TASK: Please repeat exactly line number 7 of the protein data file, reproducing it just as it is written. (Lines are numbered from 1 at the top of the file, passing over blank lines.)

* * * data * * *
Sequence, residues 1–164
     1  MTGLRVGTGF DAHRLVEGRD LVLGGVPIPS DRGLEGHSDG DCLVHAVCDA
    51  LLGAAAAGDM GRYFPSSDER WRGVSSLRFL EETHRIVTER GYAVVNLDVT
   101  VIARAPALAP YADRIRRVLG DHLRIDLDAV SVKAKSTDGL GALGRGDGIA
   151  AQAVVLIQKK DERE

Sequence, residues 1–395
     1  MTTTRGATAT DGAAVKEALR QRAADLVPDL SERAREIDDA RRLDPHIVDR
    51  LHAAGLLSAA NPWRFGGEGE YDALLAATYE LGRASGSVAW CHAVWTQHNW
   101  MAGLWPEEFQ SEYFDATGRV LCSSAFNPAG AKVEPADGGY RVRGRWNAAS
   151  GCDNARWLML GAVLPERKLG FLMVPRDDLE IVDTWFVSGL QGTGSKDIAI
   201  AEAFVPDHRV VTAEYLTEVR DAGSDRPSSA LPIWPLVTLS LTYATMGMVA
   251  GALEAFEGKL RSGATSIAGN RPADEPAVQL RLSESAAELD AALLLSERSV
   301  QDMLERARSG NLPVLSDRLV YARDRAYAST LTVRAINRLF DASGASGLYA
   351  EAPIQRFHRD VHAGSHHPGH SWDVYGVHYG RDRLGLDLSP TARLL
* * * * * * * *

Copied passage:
     1  MTTTRGATAT DGAAVKEALR QRAADLVPDL SERAREIDDA RRLDPHIVDR